Fishing with Sonic Devices: The Dos and, Mostly, the Don’ts
Just about all of us have heard the call of the wild at some point, but with fishing, it’s a question of whether the wild can hear your call. Some take that more literally than others.
To put it plain and simple, fish listen. It’s one of the ways they navigate, mate, and find food.
Using organs such as cilia, ossicles, otoliths, accelerometers, mechanoreceptors and even bladders, fish sense acoustic energy traveling through water. It obviously varies depending on the species.
Anglers have long sought to capitalize on this characteristic by creating noise underwater in an attempt to draw fish towards their line. Take, for instance, Greg Bambenek. This guy has been tricking fish onto his dinner plate for decades. Back in the ‘80s, he developed the Dr. Juice product line, or the scented spray you can use to stink up your lures. The sonic product, TalkWithFish, is pretty much a mobile app coupled with some underwater speakers. The app plays sounds such as bass and bluegills feeding and—reportedly—herring farts.
As harebrained as this scheme sounds, anglers tend to report positive results. As one reviewer writes, “This app may cost money to buy more sounds but it is totally worth it. The first day I used it my family caught three legal bass and a master angler qualifying bluegill. If you don’t have the special underwater speaker you can just use a waterproof speaker like I did.”
Then there’s Jack Danos, a fishing wiz kid who programmed his sonic device when he was 15. With the help of his dad, Jeff, he launched a successful kickstarter campaign, took it to market, and even sold it on ABC’s Shark Tank.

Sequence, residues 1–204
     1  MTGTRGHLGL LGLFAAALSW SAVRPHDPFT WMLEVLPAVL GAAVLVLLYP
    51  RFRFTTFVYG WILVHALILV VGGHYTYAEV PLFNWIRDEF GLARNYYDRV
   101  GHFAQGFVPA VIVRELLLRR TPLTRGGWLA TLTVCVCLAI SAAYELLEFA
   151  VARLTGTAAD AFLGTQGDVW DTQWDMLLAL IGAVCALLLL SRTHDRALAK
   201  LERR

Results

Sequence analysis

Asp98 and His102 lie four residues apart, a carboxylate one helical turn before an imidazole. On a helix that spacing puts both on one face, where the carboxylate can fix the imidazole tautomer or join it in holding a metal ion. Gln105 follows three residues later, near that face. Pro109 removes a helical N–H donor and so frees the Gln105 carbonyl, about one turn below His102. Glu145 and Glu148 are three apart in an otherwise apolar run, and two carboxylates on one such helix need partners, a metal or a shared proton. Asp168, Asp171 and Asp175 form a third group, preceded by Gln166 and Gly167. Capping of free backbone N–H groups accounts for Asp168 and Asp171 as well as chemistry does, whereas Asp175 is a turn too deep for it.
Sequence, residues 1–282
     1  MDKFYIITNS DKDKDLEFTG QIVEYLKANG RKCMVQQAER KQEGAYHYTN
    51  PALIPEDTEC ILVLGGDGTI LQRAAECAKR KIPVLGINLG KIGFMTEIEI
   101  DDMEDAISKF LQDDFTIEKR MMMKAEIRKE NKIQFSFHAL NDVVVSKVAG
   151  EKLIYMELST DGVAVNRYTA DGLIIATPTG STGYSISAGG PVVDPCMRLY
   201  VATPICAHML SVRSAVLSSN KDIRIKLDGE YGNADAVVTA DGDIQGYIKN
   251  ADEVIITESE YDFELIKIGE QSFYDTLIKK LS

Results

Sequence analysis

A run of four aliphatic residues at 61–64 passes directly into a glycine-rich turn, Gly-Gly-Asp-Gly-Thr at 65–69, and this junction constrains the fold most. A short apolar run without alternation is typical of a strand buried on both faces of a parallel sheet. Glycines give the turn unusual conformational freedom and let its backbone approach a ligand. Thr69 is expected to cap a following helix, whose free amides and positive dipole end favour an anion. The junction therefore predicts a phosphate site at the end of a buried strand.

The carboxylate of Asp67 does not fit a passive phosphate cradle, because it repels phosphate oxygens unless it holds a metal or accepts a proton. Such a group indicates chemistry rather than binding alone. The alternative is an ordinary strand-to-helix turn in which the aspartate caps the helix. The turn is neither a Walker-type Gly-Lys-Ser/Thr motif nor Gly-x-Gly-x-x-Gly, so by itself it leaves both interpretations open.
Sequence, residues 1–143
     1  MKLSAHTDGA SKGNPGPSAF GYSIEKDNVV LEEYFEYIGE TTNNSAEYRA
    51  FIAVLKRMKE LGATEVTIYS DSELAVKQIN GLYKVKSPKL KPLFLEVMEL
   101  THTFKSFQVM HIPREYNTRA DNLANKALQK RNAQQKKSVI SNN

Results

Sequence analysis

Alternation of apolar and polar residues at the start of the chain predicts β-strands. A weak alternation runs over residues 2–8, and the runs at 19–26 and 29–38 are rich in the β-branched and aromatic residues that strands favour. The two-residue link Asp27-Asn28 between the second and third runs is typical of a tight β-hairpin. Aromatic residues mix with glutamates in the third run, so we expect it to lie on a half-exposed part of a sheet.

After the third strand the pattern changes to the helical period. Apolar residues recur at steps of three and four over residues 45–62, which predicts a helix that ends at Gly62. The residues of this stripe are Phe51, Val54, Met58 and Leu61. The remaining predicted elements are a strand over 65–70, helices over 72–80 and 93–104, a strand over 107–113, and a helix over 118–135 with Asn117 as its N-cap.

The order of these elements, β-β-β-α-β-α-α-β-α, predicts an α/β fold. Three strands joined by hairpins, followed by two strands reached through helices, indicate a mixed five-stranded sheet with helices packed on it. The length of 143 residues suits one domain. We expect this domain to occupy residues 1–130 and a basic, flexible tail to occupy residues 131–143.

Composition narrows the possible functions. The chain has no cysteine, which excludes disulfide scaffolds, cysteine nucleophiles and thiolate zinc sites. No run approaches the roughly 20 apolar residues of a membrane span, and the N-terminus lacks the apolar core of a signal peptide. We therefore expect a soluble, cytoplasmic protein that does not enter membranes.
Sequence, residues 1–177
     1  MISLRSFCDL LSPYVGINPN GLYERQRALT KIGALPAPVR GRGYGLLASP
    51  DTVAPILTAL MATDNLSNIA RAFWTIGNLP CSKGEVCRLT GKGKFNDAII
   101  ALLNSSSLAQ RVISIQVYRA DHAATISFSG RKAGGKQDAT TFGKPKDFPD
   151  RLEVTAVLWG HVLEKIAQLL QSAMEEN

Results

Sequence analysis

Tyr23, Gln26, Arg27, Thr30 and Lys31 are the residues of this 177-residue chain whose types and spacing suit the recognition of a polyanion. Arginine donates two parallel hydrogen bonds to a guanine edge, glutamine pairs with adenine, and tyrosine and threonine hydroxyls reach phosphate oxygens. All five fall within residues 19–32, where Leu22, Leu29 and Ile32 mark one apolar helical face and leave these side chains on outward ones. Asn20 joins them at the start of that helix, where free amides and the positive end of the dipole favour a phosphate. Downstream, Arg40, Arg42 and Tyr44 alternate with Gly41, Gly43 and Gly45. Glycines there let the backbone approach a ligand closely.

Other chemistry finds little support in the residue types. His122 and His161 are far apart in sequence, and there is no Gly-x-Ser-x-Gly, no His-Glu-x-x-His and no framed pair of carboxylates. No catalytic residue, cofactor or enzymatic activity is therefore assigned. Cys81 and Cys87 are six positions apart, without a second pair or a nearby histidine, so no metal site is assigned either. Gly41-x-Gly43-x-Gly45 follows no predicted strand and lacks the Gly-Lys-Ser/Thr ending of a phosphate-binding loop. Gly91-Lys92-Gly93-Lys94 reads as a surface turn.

Despite a drastically different marketing strategy compared to TalkWithFish, response to the Fish Call has been more mixed. YouTuber Fish with Joe seemed to have success with the device. But as Daniel Msadoques writes in reply, “People save your $100 it was a complete waste of money. Don’t know [what] I was even thinking. It doesn’t work worth a s***. And after the 5th or 6th failed attempt it was lodged with water and could barely even hear the dam thing anymore. Don’t make the same mistake I did.”
Was Daniel using the device correctly? Maybe not. But a solid community of reviewers support his conclusion. See the FishCall on Amazon.
Both these solutions are, you might say, ‘high’ tech. But there’s another sonic technology that’s tried and true tested to land a fish: lures. Specifically, lures that ring, rattle, jangle, and click. Especially with certain fish—such as bass—or certain conditions—such as muddy water—jingling lures will no doubt make the difference. As the folks at Live Outdoors write, “Similar to fishing heavy cover, noise will be a big factor when water clarity is low, rather than lure action or color. Docks and undercut banks are other structure areas where loud baits can make all the difference. Fish tend to be found far under these structures, meaning bass need to hear your bait before finding it.”
At the end of the day, it feels fine to skim a fly low over a river to imitate an insect. Anglers don’t give a second thought to selecting the lure they believe will trick a fish most effectively. But when it comes to using underwater sonic devices, most folks stick to fish finders. It’s hard to pin down, but using a shark tank-approved device to land fish feels a little lick throwing up a salt lick in your back yard and shooting deer through your kitchen window. It’s just not the same.
Featured image courtesy Fish with Joe via YouTube.